From another point of view, charismatic leadership was the only factor that could establish spatial justice between different ethnic groups and social classes. The first Pahlavi tried to use this discourse to create a spatial adaptation of the nation and territory and to stabilize the construction of Iran's political geography. In the Pahlavi era, nationalism was defined primarily as centered around the charismatic leadership of the Shah. In other words, the exclusive function of the charismatic leader was introduced as one of the essential factors of national solidarity in this period. This issue was reflected in Shah's preference for the homeland in the slogan "God, King, Homeland." This notion gave such legitimacy to political power that introduced it as the only factor in creating national solidarity, and any political competition with him was considered illegitimate.
Before the modern government, in the political view of landowners and tribal leaders of Iran, there was not much familiarity with a human structure called the nation. Also, in this period, due to a lack of political parties and civil institutions independent from the ruling monarchy, the government found an increasing place to construct a national identity. In this regard, the narrative of ancient Iran became the discourse of the government to build the national identity. Furthermore, in this discourse, part of the need for social solidarity is met by explaining the unique role of charismatic political leaders. This discourse justifies the charismatic king's authoritarianism to provide political legitimacy for building national identity in Iran's political geography. In this regard, in the first Pahlavi era, measures were taken to achieve this goal, such as the disarmament of nomads, promotion of national education, compulsory military service, and uniformed clothing. In the first Pahlavi discourse, hereditary monarchy, the idea of divine selection of kings, and the protection of borders and alienation from geopolitical enemies became the basis of Iranian identity.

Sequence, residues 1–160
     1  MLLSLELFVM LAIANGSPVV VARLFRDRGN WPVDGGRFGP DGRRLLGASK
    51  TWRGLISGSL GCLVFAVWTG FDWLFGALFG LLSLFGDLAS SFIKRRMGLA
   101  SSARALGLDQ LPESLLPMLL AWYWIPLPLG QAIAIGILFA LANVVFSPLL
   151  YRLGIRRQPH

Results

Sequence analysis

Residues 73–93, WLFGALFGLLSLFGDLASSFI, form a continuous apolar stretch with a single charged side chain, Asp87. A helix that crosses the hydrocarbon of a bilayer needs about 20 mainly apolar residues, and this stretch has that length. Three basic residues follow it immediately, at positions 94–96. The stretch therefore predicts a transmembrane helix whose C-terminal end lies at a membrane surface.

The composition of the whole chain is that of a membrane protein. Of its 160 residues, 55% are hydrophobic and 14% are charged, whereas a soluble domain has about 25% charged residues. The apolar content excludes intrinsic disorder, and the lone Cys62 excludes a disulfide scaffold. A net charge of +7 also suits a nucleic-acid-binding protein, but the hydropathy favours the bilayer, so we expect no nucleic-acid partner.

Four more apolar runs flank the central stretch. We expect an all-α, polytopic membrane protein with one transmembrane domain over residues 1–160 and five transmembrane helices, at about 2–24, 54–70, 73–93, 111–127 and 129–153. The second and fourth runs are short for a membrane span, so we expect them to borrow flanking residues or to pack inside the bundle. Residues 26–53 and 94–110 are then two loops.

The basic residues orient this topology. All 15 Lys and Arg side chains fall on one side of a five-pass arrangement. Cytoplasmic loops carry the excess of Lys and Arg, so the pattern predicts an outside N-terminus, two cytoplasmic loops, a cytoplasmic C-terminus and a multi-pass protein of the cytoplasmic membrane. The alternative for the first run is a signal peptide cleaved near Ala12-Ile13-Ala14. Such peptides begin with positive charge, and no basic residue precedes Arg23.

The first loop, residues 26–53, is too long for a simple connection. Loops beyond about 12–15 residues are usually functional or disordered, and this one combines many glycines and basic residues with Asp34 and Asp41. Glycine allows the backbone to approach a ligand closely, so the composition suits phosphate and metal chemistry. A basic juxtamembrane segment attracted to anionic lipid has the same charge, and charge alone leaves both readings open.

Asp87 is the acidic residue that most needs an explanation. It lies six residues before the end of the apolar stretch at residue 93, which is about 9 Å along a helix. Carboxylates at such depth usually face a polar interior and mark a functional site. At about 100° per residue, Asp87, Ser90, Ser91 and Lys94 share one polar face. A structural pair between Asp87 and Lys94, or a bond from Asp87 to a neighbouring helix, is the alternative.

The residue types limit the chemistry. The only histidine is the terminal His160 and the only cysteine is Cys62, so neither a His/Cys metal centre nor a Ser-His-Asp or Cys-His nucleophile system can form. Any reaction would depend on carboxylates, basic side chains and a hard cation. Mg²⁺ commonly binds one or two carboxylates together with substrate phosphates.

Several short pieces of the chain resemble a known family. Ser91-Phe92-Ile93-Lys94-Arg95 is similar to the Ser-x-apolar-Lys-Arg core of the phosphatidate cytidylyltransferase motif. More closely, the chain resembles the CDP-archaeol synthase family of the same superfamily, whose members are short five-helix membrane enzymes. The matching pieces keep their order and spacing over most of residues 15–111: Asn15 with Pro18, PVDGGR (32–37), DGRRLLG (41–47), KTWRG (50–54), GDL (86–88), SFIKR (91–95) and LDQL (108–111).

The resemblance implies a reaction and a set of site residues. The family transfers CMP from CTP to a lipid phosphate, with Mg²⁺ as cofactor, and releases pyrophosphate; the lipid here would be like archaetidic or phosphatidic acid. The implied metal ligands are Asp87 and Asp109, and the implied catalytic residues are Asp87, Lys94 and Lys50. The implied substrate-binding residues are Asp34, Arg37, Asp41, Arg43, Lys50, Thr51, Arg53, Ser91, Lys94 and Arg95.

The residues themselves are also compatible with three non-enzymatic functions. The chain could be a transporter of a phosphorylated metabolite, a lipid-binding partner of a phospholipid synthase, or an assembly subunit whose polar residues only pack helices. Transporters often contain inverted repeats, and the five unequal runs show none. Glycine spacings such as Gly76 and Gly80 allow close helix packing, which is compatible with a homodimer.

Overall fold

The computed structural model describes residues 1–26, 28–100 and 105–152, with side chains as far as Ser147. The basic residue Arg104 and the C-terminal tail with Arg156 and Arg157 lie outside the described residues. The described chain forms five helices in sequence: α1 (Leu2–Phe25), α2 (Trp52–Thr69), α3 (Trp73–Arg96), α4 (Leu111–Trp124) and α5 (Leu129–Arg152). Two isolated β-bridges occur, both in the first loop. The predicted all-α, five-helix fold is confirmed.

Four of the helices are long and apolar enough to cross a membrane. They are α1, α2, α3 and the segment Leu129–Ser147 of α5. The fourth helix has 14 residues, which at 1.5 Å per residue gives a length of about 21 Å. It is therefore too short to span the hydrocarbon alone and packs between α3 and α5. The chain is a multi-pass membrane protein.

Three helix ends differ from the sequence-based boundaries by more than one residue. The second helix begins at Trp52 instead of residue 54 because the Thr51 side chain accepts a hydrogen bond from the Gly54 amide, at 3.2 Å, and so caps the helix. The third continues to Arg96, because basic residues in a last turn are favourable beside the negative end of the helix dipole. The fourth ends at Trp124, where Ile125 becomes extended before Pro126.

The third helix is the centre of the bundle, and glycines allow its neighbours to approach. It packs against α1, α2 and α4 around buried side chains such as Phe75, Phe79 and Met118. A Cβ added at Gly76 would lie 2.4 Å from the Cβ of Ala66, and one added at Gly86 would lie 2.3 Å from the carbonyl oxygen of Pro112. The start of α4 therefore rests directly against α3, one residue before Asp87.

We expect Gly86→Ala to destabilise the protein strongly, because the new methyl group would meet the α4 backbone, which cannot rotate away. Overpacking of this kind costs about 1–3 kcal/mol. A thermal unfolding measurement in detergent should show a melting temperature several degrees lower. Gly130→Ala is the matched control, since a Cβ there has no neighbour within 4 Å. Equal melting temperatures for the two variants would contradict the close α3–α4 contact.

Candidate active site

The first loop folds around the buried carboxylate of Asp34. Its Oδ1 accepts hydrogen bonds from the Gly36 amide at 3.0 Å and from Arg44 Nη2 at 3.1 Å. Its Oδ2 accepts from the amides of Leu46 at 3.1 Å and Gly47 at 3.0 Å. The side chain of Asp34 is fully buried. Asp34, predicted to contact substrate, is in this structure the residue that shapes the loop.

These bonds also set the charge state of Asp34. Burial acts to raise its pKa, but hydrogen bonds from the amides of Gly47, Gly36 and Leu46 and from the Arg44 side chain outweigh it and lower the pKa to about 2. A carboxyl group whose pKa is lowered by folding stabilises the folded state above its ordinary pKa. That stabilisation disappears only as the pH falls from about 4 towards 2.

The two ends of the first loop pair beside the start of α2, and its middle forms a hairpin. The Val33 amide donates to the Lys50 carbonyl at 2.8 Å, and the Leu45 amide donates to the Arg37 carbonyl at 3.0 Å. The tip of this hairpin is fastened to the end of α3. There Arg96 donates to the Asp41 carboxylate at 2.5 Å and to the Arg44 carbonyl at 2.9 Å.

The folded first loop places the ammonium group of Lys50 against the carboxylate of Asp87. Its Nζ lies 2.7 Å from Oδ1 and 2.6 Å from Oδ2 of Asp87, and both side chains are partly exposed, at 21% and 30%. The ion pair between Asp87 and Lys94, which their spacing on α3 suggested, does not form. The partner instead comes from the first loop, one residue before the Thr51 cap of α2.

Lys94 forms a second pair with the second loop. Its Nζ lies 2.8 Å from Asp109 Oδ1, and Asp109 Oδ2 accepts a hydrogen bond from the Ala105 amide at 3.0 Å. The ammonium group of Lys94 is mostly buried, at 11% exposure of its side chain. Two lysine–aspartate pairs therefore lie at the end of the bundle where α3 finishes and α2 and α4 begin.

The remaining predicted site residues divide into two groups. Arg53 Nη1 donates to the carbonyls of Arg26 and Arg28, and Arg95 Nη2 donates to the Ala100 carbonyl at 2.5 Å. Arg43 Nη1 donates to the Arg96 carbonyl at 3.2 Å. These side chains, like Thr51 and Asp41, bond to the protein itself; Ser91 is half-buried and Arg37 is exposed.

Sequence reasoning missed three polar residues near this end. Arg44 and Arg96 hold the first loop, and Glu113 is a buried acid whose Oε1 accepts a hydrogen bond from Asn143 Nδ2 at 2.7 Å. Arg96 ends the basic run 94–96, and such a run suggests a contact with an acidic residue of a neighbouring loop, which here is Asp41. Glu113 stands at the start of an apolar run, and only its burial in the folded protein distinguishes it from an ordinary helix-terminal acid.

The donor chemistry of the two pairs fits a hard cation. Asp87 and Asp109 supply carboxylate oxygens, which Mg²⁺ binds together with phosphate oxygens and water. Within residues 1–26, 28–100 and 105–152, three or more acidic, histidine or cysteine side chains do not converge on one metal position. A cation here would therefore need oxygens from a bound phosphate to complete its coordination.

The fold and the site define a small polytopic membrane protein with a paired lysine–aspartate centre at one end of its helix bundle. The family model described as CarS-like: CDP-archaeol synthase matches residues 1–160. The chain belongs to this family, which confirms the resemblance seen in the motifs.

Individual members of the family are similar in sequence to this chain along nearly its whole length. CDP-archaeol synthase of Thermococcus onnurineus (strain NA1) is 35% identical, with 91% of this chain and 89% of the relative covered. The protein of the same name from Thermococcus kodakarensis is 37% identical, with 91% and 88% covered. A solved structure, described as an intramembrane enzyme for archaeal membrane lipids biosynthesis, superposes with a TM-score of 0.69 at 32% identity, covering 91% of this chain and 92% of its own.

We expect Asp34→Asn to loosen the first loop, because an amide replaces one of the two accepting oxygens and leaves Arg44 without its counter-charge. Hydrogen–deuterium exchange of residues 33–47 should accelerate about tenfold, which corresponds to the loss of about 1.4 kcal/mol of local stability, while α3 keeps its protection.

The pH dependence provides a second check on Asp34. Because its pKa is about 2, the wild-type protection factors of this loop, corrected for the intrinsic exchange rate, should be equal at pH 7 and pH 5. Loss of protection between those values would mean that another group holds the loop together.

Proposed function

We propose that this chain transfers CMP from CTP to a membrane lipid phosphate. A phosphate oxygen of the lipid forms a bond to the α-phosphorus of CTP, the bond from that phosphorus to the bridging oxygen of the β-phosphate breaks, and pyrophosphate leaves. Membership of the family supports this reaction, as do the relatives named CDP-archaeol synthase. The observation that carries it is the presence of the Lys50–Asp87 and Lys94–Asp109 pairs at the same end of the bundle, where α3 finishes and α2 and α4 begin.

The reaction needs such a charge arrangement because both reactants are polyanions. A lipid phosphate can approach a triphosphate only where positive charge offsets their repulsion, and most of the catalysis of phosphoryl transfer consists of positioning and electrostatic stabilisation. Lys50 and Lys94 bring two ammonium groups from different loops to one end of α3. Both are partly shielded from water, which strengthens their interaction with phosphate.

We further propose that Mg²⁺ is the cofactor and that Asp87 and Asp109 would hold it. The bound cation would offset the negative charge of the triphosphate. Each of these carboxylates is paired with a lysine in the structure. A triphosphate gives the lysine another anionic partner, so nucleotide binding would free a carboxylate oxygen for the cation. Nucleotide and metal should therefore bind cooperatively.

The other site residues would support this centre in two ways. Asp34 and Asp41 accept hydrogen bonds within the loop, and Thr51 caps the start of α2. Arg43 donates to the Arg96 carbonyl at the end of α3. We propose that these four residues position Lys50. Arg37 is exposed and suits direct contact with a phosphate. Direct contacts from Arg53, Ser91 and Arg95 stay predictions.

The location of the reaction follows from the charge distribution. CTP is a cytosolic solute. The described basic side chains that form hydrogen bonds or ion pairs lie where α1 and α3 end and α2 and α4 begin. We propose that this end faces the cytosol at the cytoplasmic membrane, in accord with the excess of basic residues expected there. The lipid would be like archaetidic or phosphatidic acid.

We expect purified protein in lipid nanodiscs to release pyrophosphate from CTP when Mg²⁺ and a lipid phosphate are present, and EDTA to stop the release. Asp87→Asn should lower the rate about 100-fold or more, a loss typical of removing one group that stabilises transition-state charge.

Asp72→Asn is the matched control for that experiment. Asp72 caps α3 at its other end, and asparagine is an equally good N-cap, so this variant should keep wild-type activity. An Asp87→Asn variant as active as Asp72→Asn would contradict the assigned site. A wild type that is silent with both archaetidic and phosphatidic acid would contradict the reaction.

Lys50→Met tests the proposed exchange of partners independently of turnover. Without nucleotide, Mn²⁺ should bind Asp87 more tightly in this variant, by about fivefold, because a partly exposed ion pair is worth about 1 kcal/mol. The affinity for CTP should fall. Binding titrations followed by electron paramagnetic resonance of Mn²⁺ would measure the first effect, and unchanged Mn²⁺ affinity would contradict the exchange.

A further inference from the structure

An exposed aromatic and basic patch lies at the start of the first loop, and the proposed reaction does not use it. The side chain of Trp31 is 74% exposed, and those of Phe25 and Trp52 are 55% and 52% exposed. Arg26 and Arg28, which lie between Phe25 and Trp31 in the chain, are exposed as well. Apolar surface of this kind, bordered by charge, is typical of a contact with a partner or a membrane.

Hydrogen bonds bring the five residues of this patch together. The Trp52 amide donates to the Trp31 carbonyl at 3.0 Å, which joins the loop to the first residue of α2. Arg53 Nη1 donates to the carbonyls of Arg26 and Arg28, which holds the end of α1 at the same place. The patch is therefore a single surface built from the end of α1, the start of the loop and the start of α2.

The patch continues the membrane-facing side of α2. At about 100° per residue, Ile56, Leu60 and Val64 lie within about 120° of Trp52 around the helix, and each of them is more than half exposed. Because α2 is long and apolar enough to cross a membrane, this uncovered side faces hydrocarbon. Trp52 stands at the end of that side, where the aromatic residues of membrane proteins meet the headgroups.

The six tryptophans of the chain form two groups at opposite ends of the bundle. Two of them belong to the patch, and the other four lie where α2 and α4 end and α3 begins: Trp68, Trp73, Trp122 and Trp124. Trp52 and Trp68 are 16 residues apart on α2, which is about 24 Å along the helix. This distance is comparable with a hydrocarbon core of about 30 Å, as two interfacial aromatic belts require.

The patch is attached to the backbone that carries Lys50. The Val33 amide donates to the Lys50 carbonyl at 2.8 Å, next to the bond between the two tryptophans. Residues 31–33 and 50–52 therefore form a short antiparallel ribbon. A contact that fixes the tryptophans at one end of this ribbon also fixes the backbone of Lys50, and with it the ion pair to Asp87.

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Authors’ Contribution
Authors contributed equally to the conceptualization and writing of the article. All of the authors approved thecontent of the manuscript and agreed on all aspects of the work declaration of competing interest none.
Conflict of Interest
Authors declared no conflict of interest.
 We are grateful to all the scientific consultants of this paper. 


Main Subjects